I have been involved in the Icelandic startup community since 2011. Before that, I followed the scene from the outside with interest, yet with little or no direct participation. During this time, it is extraordinary to have witnessed the positive change, enthusiasm and increased interest from pretty much everyone in the startup community. Let me reflect a bit on how and what has changed.
Before 2008 there was hardly any startup community in Iceland. Little support was available for newly started companies. There was Klak Innovation Center (founded by Nýherji), Innovit (founded by individuals and the universities) and Innovation Center Iceland (run and funded by the government). Some educational programs and meetups were available through these organizations while they were not highly accessible to the general public. There was only the federal evergreen VC fund, New Venture Fund. In comparison with the status today, the description above looks like the plains of Mordor from Lord Of The Rings, an austere desert or wasteland. Since then, a great deal has happened.
Three accelerators are now operated
There are currently three seed stage, mentordriven business accelerators in Iceland, Startup Reykjavik (2012), Startup Energy Reykjavik (2014) and Startup Tourism (2015). The first two are owned by Arion Bank while the third is owned by Icelandic Startups (previously known as Klak Innovit). Over 80 companies will have gone through those accelerators by the end of 2015. All three provide various guidance and assistance from mentors, Icelandic Startup and the funding partners behind the programs. SR and SER provide equity / seed investment while ST does not. It does not require a nuclear scientist to figure out what structured programs like accelerators do for the environment and the founders behind the participating startups. It‘s all about preparing them fast for making their businesses viable and sustainable.
Three new VC funds founded in 2015
There are now four VC funds in Iceland. Access to funding has always been the Achilles heel in Iceland for the startup scene. These funds‘ investment capacity is around 11 billion ISK (90 USDM). The funds are almost fully invested at this stage, since all of them need to follow up on their initial investments. Much has been written about these funds, e.g. on this blog and by Nordurskautid. Having meaningful amount of capital changes things dramatically to the better and stimulates the community for growth.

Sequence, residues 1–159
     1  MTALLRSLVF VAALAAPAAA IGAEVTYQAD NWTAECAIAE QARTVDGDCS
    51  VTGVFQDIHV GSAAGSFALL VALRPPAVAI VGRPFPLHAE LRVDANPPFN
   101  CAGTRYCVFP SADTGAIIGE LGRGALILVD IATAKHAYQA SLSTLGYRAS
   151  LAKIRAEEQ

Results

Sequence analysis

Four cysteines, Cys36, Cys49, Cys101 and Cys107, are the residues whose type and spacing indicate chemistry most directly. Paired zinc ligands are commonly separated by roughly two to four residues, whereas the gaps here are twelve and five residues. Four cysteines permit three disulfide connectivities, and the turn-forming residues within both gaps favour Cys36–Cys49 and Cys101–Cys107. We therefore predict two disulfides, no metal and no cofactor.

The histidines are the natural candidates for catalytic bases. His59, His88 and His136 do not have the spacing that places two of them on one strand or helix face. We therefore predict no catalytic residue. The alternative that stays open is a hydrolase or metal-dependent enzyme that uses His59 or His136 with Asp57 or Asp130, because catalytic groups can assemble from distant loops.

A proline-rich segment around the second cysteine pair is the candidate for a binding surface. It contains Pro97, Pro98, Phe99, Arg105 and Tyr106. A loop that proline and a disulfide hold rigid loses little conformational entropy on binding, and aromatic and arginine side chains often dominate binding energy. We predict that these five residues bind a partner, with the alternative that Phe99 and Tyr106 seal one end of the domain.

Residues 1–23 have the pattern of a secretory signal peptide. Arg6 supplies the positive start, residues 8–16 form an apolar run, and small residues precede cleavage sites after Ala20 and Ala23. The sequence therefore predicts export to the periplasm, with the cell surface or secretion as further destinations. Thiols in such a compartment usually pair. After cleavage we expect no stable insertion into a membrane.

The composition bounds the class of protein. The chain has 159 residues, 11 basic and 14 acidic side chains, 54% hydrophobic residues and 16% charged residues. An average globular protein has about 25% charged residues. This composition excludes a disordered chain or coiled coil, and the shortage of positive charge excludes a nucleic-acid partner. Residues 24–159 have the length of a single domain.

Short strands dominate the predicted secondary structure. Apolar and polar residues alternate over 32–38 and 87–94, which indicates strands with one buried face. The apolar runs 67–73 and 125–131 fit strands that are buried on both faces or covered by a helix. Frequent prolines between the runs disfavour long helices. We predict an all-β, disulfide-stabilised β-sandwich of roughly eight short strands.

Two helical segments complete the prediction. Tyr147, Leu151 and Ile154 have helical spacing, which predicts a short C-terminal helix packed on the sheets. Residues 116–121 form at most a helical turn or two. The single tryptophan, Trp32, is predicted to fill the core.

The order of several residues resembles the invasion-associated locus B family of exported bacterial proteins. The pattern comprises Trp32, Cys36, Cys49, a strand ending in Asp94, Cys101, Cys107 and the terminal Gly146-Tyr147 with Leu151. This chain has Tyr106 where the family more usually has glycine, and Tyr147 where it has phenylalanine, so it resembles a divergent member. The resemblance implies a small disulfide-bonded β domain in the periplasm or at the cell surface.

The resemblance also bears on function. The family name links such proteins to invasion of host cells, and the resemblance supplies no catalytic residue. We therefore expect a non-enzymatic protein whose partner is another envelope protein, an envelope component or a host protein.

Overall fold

Who would have thought 10 years ago that Iceland could be a hot place for entrepreneurs, investors and other stakeholder to meet at and share ideas, vision and contacts. Well, it‘s happening. The Startup Iceland conference (2012) has been held five times and both sees new faces every year and returning ones. Slush Play (2015) is likely to grow fast and attract more and more non-Icelandic visitors that want to learn how Iceland has managed to build a successful gaming and Virtual Reality cluster in Reykjavik.
Sharing offices with like-minded people can provide value. Founders today in Reykjavik can choose between a variety of coworking spaces in different areas of the city. Most of them are private while Innovation Center Iceland operates some. Here are a few: Ocean Cluster, Orange, Hellirinn, FabLab and Innovation House. Additionally, some angel investors provide offices for their companies. Most of these provide some services and host events or meetups in some shape or form.
Community & events
Icelandic Startups has organized the business plan competition Golden Egg for 9 years now, hosted at Reykjavik University (RU) and University of Iceland. Icelandic Startups also takes care of part of a basic entrepreneurial course for all students at RU.
All in all, if one wants to immerse him/herself in startup stuff, there is plenty around.
Government and framework
It is the government’s role to establish a good framework for society and businesses. In recent years, a few good changes have been made to help newly established companies, particularly ones that are focused on the international market.
- Tax incentives / reimbursement of R&D cost.
- Tax incentives for private investors that invest in startups.
- Tax incentives for non-domestic talent
- Stock options for founders are taxed at exit, not at issue date
- Increased gov’t funding to the Technology Development Fund.
These measures matter.
Media and public interest in innovation
Based on the things listed above, it should come as no surprise that this activity catches the attention of the media. Listing news from various websites would be tedious work, but news on interesting ideas, founders and successful funding is not only common, but has almost become mainstream. Nordurskautid and Startup Iceland, along with my blog site, cover different aspects of startup life. The best Icelandic Facebook group for startups is Íslenskir frumkvöðlar (e. Icelandic entrepreneurs) in my mind. Content and discussion in these mediums then spills over to the general public. Even the state owned TV station RÚV bought into the production of the startup reality show Toppstöðin, where several teams were followed during the course of 3-4 months. Being an entrepreneur/founder is at least less frowned upon by parents, grandparents and relatives, than before. It is better accepted as a lifestyle due to better understanding of what being a founder is about.
The startup environment in Iceland has improved substantially to the better in the last five years. For those who seek guidance, assistance, moral support, knowledge and funding, the Icelandic startup scene is heading into spring season. Summer isn’t quite there yet. But there are indeed people and companies that constantly work on improving the infrastructure. We will get there.